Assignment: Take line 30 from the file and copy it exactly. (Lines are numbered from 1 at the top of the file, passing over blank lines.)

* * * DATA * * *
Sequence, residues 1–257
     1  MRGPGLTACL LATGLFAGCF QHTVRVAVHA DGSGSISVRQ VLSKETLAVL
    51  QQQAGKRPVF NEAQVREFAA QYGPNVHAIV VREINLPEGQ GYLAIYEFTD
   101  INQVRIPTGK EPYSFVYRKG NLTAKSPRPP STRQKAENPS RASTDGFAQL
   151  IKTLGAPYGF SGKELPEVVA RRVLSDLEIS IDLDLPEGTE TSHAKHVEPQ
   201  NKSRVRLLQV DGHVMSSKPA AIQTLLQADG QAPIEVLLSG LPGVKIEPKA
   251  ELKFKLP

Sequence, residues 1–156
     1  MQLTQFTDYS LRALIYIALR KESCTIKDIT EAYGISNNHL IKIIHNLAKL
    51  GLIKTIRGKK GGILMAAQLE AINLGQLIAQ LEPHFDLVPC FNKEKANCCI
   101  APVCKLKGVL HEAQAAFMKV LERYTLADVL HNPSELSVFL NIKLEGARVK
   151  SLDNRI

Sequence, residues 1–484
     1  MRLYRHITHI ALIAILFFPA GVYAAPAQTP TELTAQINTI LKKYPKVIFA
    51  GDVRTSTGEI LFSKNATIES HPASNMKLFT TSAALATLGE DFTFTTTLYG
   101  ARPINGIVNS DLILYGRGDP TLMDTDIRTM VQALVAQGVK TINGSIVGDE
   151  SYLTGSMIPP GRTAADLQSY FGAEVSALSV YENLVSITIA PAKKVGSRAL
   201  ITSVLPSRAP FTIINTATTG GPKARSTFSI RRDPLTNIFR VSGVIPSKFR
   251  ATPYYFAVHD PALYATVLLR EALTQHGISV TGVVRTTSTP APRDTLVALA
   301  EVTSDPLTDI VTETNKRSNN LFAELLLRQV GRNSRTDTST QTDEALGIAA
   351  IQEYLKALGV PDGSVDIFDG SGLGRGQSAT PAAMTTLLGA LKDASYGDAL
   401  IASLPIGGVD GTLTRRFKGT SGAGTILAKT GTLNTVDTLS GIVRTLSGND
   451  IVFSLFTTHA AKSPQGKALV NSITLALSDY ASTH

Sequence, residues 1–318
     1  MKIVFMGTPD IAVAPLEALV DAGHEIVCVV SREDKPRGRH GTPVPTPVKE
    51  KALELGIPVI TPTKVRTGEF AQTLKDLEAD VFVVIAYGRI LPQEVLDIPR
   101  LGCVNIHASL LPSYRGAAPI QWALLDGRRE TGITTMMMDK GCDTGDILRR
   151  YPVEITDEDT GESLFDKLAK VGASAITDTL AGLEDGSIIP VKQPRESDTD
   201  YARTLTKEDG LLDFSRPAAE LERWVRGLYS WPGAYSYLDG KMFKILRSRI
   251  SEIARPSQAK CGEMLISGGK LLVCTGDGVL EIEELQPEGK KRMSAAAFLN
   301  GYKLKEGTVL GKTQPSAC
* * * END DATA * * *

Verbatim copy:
   251  SEIARPSQAK CGEMLISGGK LLVCTGDGVL EIEELQPEGK KRMSAAAFLN